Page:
Legendary Sculptor Dale Chihuly

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Dale Chihuly (born September 20, 1941), is an American glass sculptor and entrepreneur. His works are considered unique to the field of blown glass, “moving it into the realm of large-scale sculpture,” (Museum of Fine Arts, Boston). The technical difficulties of working with glass forms are considerable, yet Chihuly uses it as the primary medium for installations and environmental artwork.[2]

Early life

Chihuly was born in Tacoma, Washington, to George and Viola Magnuson Chihuly.[3] In 1956, his older brother and only sibling, George, died in a Navy Air Force training accident in Pensacola, Florida.[4] Nine months later, in 1957, Chihuly’s father died of a heart attack at the age of 52.[3]

Initially, Chihuly had no interest in continuing his formal education after graduating from Woodrow Wilson High School in 1959. However, at his mother’s urging, he enrolled at the College of the Puget Sound.[3] A year later, he transferred to the University of Washington in Seattle to study interior design. In 1961, he joined the Delta Kappa Epsilon fraternity (Kappa Epsilon chapter). That same year he learned how to melt and fuse glass.[4] Chihuly became disillusioned with his studies, and in 1962 he dropped out of school to study art in Florence. He later traveled to the Middle East and met architect Robert Landsman. Their meeting and his time abroad spurred Chihuly to return to his studies. In 1963, he took a weaving class where he incorporated glass shards into tapestries. He received an award for his work from the Seattle Weavers Guild in 1964.[4] Chihuly graduated from the University of Washington in 1965 with Bachelor of Arts degree in interior design.[1]

Chihuly began experimenting with glassblowing in 1965, and in 1966 he received a full scholarship to attend the University of Wisconsin–Madison.[4] He studied under Harvey Littleton, who had established the first glass program in the United States at the university. In 1967, Chihuly received a Master of Science degree in sculpture. After graduating, he enrolled at the Rhode Island School of Design, where he met and became close friends with Italo Scanga. Chihuly earned a Master of Fine Arts degree in sculpture from the RISD in 1968. That same year, he was awarded a Louis Comfort Tiffany Foundation grant for his work in glass, as well as a Fullbright Fellowship.[4] He traveled to Venice to work at the Venini factory on the island of Murano, where he first saw the team approach to blowing glass.[5] After returning to the United States, Chihuly spent the first of four consecutive summers teaching at the Haystack Mountain School of Crafts in Deer Isle, Maine. In 1969, he traveled to Europe, in part to meet Erwin Eisch in Germany and Stanislav Libenský and Jaroslava Brychtová in Czechoslovakia.[4]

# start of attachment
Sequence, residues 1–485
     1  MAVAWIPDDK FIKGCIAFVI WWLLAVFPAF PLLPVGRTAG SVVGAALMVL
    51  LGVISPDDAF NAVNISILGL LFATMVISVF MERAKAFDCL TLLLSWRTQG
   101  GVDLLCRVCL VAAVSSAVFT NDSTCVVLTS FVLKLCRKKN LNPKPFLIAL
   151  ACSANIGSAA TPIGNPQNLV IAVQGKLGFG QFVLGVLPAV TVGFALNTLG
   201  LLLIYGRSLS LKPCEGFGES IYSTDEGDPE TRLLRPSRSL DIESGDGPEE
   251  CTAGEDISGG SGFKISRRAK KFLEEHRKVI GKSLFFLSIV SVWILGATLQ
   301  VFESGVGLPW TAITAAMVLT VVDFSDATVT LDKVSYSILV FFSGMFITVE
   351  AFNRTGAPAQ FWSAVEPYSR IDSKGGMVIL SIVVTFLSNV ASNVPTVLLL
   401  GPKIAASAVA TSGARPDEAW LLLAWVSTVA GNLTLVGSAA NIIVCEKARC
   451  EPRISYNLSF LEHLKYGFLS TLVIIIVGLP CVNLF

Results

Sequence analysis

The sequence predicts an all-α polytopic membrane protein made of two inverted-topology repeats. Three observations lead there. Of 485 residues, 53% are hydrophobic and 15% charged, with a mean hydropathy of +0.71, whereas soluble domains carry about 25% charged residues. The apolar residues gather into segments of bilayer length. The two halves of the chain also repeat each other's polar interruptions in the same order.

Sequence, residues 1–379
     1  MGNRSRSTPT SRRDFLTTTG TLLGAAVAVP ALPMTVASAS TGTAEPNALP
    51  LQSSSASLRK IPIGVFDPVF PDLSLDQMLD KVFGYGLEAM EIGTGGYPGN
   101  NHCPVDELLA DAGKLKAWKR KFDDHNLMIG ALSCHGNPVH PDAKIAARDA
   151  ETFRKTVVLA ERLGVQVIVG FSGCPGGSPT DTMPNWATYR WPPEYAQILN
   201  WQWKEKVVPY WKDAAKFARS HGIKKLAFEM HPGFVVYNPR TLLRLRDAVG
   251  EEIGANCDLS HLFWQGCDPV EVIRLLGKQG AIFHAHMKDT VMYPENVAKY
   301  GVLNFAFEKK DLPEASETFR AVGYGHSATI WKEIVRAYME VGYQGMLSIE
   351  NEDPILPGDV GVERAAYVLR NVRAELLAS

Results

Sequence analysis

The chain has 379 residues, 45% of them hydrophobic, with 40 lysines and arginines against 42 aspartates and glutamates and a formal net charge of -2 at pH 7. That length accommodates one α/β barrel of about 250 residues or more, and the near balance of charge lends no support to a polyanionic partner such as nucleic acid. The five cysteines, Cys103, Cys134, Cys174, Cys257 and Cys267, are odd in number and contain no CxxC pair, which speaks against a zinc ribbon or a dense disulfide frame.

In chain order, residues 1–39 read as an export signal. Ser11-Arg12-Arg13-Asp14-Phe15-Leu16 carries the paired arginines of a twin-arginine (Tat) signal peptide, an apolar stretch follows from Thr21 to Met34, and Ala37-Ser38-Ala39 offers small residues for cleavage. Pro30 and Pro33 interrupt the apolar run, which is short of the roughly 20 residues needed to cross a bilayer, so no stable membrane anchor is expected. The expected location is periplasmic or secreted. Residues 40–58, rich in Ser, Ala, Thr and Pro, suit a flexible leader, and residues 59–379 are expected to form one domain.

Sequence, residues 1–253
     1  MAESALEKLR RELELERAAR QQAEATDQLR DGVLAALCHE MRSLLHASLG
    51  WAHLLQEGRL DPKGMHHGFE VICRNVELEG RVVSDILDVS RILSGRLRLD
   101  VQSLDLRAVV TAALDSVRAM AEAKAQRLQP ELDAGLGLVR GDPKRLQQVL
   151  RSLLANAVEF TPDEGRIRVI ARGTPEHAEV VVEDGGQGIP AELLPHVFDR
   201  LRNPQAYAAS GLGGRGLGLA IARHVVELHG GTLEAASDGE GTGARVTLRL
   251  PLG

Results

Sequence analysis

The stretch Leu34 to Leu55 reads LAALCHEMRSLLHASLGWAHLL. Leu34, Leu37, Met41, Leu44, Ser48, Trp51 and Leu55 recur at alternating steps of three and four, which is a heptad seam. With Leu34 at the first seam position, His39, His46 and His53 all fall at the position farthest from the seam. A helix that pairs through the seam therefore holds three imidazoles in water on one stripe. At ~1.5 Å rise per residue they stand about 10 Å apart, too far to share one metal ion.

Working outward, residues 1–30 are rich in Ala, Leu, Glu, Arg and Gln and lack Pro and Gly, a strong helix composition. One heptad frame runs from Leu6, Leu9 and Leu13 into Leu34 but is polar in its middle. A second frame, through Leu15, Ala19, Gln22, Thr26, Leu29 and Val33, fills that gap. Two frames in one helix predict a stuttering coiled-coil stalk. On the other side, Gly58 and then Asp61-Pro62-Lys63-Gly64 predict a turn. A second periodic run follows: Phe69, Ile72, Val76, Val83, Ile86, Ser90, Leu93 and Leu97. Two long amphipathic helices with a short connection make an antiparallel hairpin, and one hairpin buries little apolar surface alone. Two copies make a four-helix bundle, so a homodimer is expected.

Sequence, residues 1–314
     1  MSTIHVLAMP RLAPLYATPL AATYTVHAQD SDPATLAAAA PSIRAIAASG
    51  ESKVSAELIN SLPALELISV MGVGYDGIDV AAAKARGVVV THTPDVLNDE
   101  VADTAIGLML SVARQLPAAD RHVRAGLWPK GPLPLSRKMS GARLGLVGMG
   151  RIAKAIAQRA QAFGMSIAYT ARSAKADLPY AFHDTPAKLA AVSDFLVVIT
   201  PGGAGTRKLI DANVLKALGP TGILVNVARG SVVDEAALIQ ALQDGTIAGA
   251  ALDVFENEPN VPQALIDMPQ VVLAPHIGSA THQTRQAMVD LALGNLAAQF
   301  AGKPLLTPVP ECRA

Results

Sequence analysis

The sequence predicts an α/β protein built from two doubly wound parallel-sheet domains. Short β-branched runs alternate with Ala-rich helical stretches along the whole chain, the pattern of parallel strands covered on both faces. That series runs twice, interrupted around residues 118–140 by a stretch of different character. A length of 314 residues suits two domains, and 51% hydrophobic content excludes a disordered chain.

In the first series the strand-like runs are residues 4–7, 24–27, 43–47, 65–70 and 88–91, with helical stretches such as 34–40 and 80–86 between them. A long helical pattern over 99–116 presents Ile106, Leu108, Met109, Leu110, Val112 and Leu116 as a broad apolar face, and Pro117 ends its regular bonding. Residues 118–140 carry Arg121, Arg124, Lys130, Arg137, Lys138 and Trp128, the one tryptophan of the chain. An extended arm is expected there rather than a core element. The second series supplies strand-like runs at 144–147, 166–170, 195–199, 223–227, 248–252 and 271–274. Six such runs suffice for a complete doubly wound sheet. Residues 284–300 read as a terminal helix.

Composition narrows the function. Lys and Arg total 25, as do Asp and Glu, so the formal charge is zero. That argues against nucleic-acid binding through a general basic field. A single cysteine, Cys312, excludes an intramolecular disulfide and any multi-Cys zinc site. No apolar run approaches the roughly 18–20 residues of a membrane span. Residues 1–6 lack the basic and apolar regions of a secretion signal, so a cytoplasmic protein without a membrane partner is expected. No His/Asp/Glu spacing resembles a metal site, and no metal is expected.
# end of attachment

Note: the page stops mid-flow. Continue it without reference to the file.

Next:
In 1971, with the support of John Hauberg and Anne Gould Hauberg, Chihuly cofounded the Pilchuck Glass School near Stanwood, Washington. Chihuly also founded the HillTop Artists program in Tacoma, Washington at Jason Lee Middle School and Wilson High School.

In 1976, while Chihuly was in England, he was involved in a head-on car accident during which he flew through the windshield.[6] His face was severely cut by glass and he was blinded in his left eye. After recovering, he continued to blow glass until he dislocated his right shoulder in a 1979 bodysurfing accident. No longer able to hold the glass blowing pipe, he hired others to do the work. Chihuly explained the change in a 2006 interview, saying “Once I stepped back, I liked the view” and pointed out that it allowed him to see the work from more perspectives and enabled him to anticipate problems faster. Chihuly describes his role as “more choreographer than dancer, more supervisor than participant, more director than actor.” San Diego Union-Tribune reporter Erin Glass wrote that she “wonders at the vision of not just the artist Chihuly, but the wildly successful entrepreneur Chihuly, whose estimated sales by 2004 was reported by The Seattle Times as $29 million.”[7] Chihuly and his team of artists were the subjects of the documentary Chihuly Over Venice. They were also featured in the documentary Chihuly in the Hotshop, syndicated to public television stations by American Public Television starting on November 1, 2008.[8]